Marijuana should be legalized, regulated and taxed. The push to repeal federal prohibition should come from the states, and it should begin with the state of Washington.Second, in an op-ed written by Norm Stamper, a former police chief, and the anti-Kerlikowske:
In 1998, Washington was one of the earliest to vote for medical marijuana. It was a leap of faith, and the right decision. In 2003, Seattle was one of the first places in America to vote to make simple marijuana possession the lowest police priority. That, too, was a leap of faith, and the right decision. A year ago, City Attorney Pete Holmes stopped all prosecutions for simple possession: the right decision.
It is time for the next step. It is a leap, yes — but not such a big one, now.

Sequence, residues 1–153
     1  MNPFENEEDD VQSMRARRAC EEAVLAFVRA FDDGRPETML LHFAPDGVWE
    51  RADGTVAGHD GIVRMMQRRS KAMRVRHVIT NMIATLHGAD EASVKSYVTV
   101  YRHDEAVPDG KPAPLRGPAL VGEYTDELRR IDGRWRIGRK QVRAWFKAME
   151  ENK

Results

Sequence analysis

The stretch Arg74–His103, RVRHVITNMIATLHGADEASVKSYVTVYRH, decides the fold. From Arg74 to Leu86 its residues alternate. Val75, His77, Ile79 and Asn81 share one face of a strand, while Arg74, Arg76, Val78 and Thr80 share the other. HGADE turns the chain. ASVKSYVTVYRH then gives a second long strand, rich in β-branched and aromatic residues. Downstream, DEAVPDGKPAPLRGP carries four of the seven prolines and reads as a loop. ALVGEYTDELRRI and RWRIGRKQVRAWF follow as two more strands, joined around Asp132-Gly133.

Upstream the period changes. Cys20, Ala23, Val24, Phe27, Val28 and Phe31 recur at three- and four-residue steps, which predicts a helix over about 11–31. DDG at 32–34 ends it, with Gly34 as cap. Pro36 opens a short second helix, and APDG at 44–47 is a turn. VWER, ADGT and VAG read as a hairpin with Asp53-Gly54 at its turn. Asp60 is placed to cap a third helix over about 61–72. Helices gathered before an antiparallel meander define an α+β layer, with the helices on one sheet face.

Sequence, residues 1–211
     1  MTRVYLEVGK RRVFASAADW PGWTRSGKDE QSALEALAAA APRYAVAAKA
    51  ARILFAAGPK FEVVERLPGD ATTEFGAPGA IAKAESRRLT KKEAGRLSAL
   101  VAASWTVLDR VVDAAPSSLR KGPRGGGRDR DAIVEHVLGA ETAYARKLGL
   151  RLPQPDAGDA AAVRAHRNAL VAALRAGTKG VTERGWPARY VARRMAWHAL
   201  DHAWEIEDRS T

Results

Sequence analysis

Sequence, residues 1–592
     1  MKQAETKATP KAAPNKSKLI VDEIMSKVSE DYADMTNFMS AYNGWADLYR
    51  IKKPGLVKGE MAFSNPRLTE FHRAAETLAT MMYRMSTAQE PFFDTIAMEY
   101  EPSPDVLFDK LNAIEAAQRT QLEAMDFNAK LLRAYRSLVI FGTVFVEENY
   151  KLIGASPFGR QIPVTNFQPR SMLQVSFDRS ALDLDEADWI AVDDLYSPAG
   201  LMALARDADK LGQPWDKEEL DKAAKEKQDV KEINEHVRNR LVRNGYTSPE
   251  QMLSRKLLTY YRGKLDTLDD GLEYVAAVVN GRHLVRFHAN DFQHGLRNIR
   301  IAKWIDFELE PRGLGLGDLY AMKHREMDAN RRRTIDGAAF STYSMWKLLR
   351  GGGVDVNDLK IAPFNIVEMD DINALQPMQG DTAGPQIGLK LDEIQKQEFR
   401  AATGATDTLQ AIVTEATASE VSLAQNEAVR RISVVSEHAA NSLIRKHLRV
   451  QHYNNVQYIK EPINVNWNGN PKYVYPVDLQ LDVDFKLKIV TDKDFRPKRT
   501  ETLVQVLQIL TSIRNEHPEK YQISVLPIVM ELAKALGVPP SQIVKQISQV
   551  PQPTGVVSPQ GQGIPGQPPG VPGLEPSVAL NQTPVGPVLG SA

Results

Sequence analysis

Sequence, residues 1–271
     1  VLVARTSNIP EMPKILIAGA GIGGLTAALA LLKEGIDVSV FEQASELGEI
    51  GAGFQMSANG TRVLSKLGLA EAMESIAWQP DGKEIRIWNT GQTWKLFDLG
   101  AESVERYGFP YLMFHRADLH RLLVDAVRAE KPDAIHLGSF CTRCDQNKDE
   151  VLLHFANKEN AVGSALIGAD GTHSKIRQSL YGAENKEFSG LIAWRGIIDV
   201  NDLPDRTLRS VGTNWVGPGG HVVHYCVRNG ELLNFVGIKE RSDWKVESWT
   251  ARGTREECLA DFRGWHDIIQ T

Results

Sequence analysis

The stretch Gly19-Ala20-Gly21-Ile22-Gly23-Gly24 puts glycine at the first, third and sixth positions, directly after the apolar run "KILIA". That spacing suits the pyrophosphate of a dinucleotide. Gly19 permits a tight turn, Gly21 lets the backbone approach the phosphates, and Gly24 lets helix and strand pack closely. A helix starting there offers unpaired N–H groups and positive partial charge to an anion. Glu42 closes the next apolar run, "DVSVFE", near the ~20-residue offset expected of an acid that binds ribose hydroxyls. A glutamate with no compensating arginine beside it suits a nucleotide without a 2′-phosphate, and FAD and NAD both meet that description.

A fundamental change in drug policy seems daunting, but we've done it before with the repeal of alcohol prohibition. Today, you no longer see gangs shooting each other over beer and liquor market share. And both the president and Kerlikowske have compared drug use to cigarettes, pointing to the success of public-education campaigns in reducing the number of smokers.Here in Washington state, talk of legalization has hit the mainstream, and has prohibitionists on the defensive.
But have they forgotten that we have not sent one person to jail for smoking Marlboros? If we can successfully manage alcohol and tobacco under a public-health model, we can do the same for all other drugs.
And it's about time.